What better way then to celebrate Canada’s 150 in Aurora then to sing along to a 52 year old American musical. One the film’s only Canadian star, Christopher Plummer aptly nicknamed “The Sound of Mucus.”
And because it will be held at a venue that is not built to accommodate such activity you can be sure the Netflix feed will be projected on a cheesy pop-up projection screen with seating consisting of uncomfortable stacking chairs.
The best part is that even though this cultural kumbaya is sponsored by Scotiabank tickets are a whopping $30+tax at the door. $25+tax if you purchase in advance.
The event has a sponsor and the Town of Aurora already subsidizes the “Cultural” Centre at a cost approaching $500,000 a year, yet the “Cultural” Centre is charging more than Mississauga where the exact same program was $25 adults with a price break for children at $15. This in a venue that is one of the largest theaters in the GTA
When the TIFF lighbox holds the same event (in a more appropriate date closer to Christmas) their tickets are $22.75, with seniors/students rated at $18.25, and children $16.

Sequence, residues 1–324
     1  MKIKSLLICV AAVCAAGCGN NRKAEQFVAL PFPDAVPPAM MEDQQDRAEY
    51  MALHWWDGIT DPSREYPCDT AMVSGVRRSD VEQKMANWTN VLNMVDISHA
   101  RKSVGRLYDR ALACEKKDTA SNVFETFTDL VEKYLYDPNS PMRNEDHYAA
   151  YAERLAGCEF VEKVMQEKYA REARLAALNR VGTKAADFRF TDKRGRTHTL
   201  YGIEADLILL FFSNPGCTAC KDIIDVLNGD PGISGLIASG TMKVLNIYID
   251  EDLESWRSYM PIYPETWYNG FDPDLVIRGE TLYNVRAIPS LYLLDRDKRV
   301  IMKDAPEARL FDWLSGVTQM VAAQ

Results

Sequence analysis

I fail to see how jamming a theatrical experience available elsewhere in the GTA into a small room of an old building while needlessly marking up the ticket price constitutes “providing an exceptional quality of life for all”.
Like Christopher Plummer, actor Doug McClure was vehement about the film’s gooeyness stating: “Watching The Sound of Music is like being beaten to death by a Hallmark card.”
This certainly is the feeling one gets when reviewing the Cultural Centre’s yawnfest lineup of music programming that has recently included the likes of Fred Penner and Dan Hill.
It says something about the extremely narrow view the Cultural Centre has with respect to music when it takes organizations like the Aurora Legion to make the Town really come alive with the sound of music.